Rousseau was among the originators of the idea of the intensely subjective “beautiful soul.” Ephraim torments himself for being yefe nefesh: a Hebrew expression whose literal meaning is “of beautiful soul.” The English translation renders it “fine fellow”: a possible rendering of the Hebrew, since it captures Ephraim’s fear of being seen as fastidious and haughtily aloof in a fanatically egalitarian community. But the beautiful soul is a recurrent theme in Yizhar’s writings and seems to me a better translation. It is not the general conflict between the individual and the collective that is at the center of Yizhar’s concerns but rather the more specific clash between the beautiful soul stirred by aesthetic and moral impulses and the demands of the egalitarian community for complete adherence to its rules.

Several themes stand out in Yizhar’s writings about Zionist revolution in the life of the Jews: the revival of the Hebrew language; the landscape as part of the new geography created by the Zionists; and the fate of the beautiful soul in the conflict with the Arabs.

Hebrew, as a written language, was never dead. Jewish culture has been centered on Hebrew and Aramaic religious texts throughout its history.1 But spoken Hebrew was almost a dead language, which the Zionist revolution indeed succeeded in resurrecting and reviving. For a very long time—just how long is not clear—there was no continuous use of spoken Hebrew among Jews (though there was already in the sixteenth century a tiny Hebrew-speaking community in Jerusalem). Zionism created in Palestine, and later in the State of Israel, a community of native speakers of Hebrew. When S. Yizhar’s father first landed in Palestine in 1891 at the age of eighteen, he found that Hebrew was spoken badly in the first Zionist settlements (called the Yishuv). As he put it at the time:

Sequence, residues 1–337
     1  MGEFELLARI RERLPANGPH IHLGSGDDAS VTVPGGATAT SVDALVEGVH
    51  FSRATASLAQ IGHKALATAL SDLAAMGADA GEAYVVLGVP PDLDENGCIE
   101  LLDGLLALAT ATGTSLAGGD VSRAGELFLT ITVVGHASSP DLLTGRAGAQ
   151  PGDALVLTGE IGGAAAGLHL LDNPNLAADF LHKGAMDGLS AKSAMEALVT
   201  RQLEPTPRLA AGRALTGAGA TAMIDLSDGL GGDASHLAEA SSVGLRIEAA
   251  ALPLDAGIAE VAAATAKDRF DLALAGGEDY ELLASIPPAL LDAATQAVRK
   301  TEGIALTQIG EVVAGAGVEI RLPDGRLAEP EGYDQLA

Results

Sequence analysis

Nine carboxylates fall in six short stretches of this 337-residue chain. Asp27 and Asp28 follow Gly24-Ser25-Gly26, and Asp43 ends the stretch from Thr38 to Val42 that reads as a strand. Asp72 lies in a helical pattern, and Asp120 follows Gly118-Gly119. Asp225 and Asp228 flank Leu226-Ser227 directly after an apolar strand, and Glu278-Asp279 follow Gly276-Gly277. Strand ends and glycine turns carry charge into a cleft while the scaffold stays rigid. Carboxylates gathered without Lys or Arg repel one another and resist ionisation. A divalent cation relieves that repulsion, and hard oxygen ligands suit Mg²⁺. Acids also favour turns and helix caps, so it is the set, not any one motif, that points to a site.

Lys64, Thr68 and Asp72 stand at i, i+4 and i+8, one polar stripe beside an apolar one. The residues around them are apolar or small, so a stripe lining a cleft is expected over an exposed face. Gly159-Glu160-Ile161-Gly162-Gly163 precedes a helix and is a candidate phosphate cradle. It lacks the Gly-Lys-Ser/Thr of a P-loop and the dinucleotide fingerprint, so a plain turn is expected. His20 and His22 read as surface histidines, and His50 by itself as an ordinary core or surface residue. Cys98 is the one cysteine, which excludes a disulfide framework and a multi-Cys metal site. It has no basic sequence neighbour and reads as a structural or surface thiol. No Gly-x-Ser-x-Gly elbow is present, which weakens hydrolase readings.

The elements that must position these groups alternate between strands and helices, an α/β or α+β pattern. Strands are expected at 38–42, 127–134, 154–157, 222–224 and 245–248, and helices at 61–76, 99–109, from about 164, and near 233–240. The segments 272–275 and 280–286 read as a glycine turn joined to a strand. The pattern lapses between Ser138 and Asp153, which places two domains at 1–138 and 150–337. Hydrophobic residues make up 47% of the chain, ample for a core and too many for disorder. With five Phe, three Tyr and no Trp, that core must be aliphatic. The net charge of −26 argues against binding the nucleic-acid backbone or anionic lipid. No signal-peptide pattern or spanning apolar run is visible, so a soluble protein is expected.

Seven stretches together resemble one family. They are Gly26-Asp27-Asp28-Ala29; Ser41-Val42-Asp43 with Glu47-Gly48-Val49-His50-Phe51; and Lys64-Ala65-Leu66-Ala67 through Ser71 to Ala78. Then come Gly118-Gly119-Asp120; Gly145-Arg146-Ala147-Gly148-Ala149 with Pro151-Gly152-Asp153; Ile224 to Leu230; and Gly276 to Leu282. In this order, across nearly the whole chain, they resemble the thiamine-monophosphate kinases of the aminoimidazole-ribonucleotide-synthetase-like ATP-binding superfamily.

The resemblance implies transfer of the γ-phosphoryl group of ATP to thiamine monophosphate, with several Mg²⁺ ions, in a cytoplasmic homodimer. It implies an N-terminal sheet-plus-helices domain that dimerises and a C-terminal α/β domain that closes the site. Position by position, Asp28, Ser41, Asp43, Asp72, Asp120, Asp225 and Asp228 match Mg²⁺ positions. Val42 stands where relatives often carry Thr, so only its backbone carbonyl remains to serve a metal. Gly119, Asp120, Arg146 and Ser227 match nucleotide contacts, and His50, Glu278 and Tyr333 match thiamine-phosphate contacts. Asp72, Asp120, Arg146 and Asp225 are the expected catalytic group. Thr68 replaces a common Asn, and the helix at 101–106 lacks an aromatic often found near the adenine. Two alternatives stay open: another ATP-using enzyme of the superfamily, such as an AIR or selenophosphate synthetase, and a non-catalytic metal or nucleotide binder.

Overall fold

Even the few fanatics, who devoted themselves with excitement to the revival of Hebrew speech in the new Yishuv, were mostly stammering and speaking with utmost effort…. Their talk was not natural and fluent, and often, in the middle of a sentence, with lips still moving, one had to stop to think and find the proper word, or it was altogether lost in the speaker’s memory.2

This was not true of Yizhar’s own family. His father and all his uncles and great-uncles were among the small number of Zionists who wrote and spoke Hebrew.

In creating a community of Hebrew speakers in Palestine, the Zionists changed a “holy tongue” into the workable and expressive language of a modern secular society. When Yizhar was a child, only 20 percent of Jews in Palestine had mastered Hebrew. When he wrote his first novel in 1938, some 70 percent of the Jews surveyed in the census of the British mandate said that they primarily spoke Hebrew. For many Jews this creation of a community of Hebrew speakers was as marvelous as the resurrection of Lazarus from the dead, and Yizhar conveys a sense of wonder that so rich a language has become alive.

As for the landscape, Zionism was based on the idea of a return to the historical land of the Jewish people—a claim that presented problems for Zionist geography. The Bible tells the story of the Israelites arriving in the land of the Canaanites from the east and settling mostly on the Judean and Samarian mountain ridge, which is closer to the Jordan River than to the Mediterranean Sea. The Mediterranean is called in the Bible the Sea of the Philistines (Exodus 23:31), and the seashore and the adjoining plateau were predominantly populated by the Philistines on the southern shore and by the Phoenicians on the northern shore. The Philistines, unlike the Israelites, arrived from the west—perhaps from Greece. The Bible of course promises the whole land to the Israelites, but the biblical story is one of an unfulfilled promise. The Israelites hardly ever lived on the Mediterranean shore of Palestine.

The Zionist immigrants to Palestine were mainly from the west, and they settled largely in the land of the Philistines. Even in the Israel of today, almost 70 percent of the Jewish population resides along the Mediterranean shore. Yet the Zionist settlers felt they were close enough to the ancient land of Israel.